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How To Ship Flooring| Shipping Flooring Made Easy

How To Ship Flooring
cc image by Richard Brunton via Flickr
Putting down new flooring can be a huge pain. Ripping flooring up? Even worse. But you know what doesn’t have to be a pain, shipping flooring. You’re already going to have a hard time putting it down or pulling it up, there’s no point in making the shipping of it a pain too. How to ship flooring? It’s one of the most common questions we get here at Freightpros, and one that we thought would make a great blog post. So here we go, for the latest installment in our How to Ship series

How To Ship Flooring In 3 Steps

The first and most important step when you’re looking at shipping flooring is the packaging. We might have great Central Transport freight shipping rates, but they don’t mean anything without the correct packaging. FreightPros included in the Inc. 5000 list When you’re learning how to ship flooring, the correct packaging is pretty simple, but often done incorrectly. Flooring should be in boxed and secured on a pallet. This should happen every time. Considering that most flooring already comes in a box, all you need to worry about is the pallet and keeping the boxes and the pallet together. You can use industrial strength shrink wrap to make sure all the boxes stay together on the pallet. To reduce piece count, feel free to stack the flooring boxes up to five or six feet high, depending on what you’re comfortable with. The second step of shipping your flooring via LTL or truckload is the freight class. We’ve got a wonderful blog post that explains freight class, so be sure to check that out if you’re unfamiliar with freight class. The good thing about shipping flooring is that most of the time, your class is going to be 60. This applies if you’re shipping tile or wood, ceramic or cement flooring, or 90% of any and all flooring. Beware: If your flooring is made of vinyl or some other rare material, your freight class might be different. If you’re unsure of the class used when shipping your flooring, check with your online freight broker, and they’ll be able to assist you. How To Ship A Motorcycle The final step in how to ship flooring is the freight insurance. Freight insurance is a must when you are learning how to ship flooring, especially if your flooring is ceramic tile or some other breakable material. If you’re shipping hardwood flooring, you’ll want to avoid scratches and chips, and the same applies to any sort of flooring. LTL carriers are familiar and comfortable shipping flooring, but that doesn’t mean they are damage-free. For more information, check out our blog post on freight insurance. As you can see, it’s pretty easy to learn how to ship flooring. All you need to follow are three steps. 1. Packaging – Make sure your flooring is boxed and palletized. Cardboard boxes are fine, and you’ll need to shrink wrap the boxes to the pallet once they are stacked accordingly. 2. Freight Class – Freight class can be a sticky situation, however most flooring materials are classed on Class 60. This makes quoting your LTL shipments pretty easy, as the class rarely changes when it comes to how to ship flooring. 3. Freight Insurance – Though most flooring is not fragile, it’s important to get freight insurance when you’re learning how to ship flooring. Even with all the packaging in the world LTL freight will get damaged from time to time. It can be difficult to get claim payments from carriers where the entire shipment is not damaged or lost, so make sure to get freight insurance. That way you’ll be able to be compensated for any damage done to your flooring. Nobody wants a scratched up living room floor. Check out our logistics blog for great updates and info about LTL shipping, truckload shipping, and Freightpros. Happy shipping!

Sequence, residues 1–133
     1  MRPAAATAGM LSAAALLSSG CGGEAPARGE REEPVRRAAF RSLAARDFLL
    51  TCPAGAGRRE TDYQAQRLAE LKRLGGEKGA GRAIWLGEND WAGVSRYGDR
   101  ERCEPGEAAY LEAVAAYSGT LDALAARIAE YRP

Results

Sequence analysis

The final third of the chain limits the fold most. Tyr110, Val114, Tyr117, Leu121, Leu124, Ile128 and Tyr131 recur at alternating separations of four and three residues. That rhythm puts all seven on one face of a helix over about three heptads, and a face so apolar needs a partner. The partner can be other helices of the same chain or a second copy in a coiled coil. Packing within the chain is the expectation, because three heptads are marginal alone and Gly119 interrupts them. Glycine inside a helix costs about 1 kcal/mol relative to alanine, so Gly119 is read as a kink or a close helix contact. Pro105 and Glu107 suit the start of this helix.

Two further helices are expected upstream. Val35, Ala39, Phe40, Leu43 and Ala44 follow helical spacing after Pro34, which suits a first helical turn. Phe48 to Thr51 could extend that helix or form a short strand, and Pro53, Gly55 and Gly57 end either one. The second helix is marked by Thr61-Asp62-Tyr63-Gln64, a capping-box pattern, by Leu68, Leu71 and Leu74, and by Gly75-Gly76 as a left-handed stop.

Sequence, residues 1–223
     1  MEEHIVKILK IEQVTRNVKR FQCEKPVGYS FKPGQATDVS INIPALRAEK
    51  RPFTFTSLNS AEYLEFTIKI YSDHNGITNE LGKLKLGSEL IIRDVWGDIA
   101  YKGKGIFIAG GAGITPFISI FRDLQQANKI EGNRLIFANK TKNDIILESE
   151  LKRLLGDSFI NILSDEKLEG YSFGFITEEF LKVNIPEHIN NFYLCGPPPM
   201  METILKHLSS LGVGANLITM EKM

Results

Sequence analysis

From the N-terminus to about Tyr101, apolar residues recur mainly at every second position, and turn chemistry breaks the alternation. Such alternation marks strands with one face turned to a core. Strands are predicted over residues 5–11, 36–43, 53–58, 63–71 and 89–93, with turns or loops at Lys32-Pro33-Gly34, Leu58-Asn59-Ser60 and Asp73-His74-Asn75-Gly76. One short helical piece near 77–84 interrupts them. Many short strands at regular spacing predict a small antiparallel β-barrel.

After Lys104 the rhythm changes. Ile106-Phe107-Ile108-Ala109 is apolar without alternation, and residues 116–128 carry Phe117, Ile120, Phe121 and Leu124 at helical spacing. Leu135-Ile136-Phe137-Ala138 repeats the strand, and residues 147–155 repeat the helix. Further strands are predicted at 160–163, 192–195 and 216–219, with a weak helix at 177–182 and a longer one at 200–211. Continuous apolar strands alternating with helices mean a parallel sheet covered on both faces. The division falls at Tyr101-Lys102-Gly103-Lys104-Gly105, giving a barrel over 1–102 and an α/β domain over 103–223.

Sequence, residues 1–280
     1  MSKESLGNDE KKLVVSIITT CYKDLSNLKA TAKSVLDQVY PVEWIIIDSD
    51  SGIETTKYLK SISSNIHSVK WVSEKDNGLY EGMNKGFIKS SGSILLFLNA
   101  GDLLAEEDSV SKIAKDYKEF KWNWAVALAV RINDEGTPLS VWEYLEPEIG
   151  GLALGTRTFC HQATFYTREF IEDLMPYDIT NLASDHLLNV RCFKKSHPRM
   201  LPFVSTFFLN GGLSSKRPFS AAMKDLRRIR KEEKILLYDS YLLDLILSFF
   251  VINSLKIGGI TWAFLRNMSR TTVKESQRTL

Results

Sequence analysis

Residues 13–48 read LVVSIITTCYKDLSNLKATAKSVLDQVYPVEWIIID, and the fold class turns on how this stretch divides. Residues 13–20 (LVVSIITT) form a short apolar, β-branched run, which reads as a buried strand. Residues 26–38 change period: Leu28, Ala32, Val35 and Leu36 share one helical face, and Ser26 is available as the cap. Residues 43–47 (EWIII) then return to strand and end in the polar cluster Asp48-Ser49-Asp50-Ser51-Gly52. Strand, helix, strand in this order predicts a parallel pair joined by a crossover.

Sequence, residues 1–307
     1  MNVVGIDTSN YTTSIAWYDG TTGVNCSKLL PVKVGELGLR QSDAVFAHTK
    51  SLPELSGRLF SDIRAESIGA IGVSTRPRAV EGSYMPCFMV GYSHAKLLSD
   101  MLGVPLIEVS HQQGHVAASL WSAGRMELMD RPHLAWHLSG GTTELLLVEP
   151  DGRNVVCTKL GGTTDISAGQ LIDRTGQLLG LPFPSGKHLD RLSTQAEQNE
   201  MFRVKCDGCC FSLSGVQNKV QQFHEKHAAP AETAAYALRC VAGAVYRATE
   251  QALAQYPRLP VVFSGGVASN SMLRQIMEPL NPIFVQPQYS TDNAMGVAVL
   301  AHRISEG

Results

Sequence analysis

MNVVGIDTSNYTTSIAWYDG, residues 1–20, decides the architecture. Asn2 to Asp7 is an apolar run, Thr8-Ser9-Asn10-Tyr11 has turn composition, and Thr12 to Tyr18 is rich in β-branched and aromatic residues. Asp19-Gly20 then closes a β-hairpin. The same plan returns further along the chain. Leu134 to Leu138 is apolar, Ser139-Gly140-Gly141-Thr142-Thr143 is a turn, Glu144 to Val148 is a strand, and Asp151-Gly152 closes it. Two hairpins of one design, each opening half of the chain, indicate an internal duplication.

Logan Theissen

Logan is a Content Marketing Associate at FreightPros in charge of social media and content creation. He has a writing degree from the University of Oklahoma, but lives life on the edge and resides in Longhorn country. He loves Murakami books, Tarantino movies, and Vonnegut books. Lots of books. One day he will own a dog, but first he'll have to get a yard.

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